Hong Kong's national security police arrest five people from a trade union for sedition due to books they produced for children, the latest arrests made amid a crackdown on dissent in the city.
Lam Man-chung was the editor who oversaw the final edition of the Beijing-critical daily in June after its top leadership was arrested and its assets frozen.
Anti-China newspaper will shut its operations by Wednesday after authorities froze company's assets and most of its employees resigned, local media report.
Hong Kong’s leading anti-Beijing advocates were found guilty earlier this month of organising and participating in a massive protest in August 2019, where an estimated 1.7 million people marched in opposition to a security bill.
Brussels sells the deal as “a success”, but critics say China has got what it wanted from the EU despite Beijing's despicable human rights records.
Wong and two other activists were taken into custody after the hearing. Wong was not a leading figure in last year’s anti-China protests but has drawn the wrath of Beijing, which sees his activism as a “black hand” of foreign forces.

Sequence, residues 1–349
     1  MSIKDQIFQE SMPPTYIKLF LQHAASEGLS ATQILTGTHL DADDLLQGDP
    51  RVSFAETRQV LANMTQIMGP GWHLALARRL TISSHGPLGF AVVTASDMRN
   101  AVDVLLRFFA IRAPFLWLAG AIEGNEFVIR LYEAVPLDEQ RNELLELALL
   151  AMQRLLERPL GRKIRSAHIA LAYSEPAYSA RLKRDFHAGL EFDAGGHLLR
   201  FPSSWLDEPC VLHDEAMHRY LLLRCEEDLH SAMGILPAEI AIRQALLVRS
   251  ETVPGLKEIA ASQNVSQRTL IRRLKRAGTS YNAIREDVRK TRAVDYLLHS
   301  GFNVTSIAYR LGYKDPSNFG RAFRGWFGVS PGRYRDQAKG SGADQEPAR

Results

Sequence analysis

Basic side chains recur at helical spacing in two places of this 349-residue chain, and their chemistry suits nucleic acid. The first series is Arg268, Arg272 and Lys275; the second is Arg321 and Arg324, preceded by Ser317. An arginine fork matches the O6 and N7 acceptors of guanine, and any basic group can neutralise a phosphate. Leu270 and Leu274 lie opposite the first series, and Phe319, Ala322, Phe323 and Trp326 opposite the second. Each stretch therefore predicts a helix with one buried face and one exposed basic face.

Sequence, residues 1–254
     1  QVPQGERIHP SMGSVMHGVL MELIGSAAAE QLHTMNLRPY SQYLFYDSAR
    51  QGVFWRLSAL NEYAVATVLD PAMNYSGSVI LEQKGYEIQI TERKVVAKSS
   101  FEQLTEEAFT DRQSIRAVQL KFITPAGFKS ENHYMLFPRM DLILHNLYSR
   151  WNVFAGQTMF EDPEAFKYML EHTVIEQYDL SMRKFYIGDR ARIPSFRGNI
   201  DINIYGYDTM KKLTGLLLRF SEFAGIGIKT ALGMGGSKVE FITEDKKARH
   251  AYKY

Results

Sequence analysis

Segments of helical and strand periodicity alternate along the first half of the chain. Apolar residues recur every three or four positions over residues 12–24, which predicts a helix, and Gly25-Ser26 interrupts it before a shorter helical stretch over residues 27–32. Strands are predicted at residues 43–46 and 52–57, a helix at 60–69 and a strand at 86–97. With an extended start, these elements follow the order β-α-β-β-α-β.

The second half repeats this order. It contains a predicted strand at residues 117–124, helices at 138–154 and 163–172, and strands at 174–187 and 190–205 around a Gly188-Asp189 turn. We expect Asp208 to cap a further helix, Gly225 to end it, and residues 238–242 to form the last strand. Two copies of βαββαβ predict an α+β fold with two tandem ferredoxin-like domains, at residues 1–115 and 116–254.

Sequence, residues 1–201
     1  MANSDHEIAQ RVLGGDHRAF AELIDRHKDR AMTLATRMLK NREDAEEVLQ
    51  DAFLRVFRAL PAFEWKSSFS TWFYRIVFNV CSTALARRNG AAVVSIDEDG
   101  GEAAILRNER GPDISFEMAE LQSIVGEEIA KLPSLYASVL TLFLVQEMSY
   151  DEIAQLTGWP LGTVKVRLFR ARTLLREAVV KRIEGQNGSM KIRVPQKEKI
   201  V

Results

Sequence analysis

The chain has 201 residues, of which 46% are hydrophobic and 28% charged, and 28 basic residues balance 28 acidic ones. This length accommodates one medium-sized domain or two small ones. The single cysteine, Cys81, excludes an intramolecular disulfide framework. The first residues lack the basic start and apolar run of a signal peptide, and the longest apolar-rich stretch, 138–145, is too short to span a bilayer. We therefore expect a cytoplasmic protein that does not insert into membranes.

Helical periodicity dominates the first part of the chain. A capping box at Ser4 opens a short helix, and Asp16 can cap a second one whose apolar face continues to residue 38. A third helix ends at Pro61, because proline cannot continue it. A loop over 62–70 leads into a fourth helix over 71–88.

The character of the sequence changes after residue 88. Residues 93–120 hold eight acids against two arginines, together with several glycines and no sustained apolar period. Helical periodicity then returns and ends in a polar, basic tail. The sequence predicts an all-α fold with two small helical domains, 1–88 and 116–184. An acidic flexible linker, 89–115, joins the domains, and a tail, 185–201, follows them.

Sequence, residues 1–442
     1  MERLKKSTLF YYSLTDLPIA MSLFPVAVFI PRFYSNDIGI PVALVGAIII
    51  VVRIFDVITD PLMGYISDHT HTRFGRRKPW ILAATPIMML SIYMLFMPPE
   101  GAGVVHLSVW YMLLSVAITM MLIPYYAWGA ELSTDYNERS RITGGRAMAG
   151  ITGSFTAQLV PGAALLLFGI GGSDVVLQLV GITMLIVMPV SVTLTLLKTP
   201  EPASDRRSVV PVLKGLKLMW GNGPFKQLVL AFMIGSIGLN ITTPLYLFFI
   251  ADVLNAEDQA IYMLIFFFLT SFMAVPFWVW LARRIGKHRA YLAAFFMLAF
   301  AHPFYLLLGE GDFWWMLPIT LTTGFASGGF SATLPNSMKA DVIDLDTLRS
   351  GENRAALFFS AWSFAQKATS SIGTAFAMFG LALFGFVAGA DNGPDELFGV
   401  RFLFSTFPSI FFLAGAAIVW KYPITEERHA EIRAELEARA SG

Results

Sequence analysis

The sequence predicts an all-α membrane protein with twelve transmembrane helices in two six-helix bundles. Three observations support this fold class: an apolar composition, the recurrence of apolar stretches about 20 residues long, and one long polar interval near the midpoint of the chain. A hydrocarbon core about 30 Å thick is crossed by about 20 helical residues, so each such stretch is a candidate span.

Western governments and critics have warned the new law will curb the city's freedoms and undermine its "One Country, Two Systems" governance scheme, which technically allows freedoms unseen on the mainland.
Meanwhile, residents of Hong Kong marched silently through the financial hub's streets in protest of the planned national security legislation.
Authorities banned an application for a Mother's Day march so small groups of masked protesters instead played cat and mouse with police in different shopping centres.
Smaller crowds of protesters in the Mong Kok district set fire to barricades and riot police unleashed 2020's first volleys of tear gas in response.
Police will deploy more than 6,000 officers to deal with potential unrest over the New Year's period, according to the South China Morning Post newspaper, citing unnamed sources.
Thousands of protesters, many wearing masks and reindeer horns, gathered on the streets after scuffles in shopping malls on Christmas Eve. The protests against China's control over the territory are now in their seventh month.
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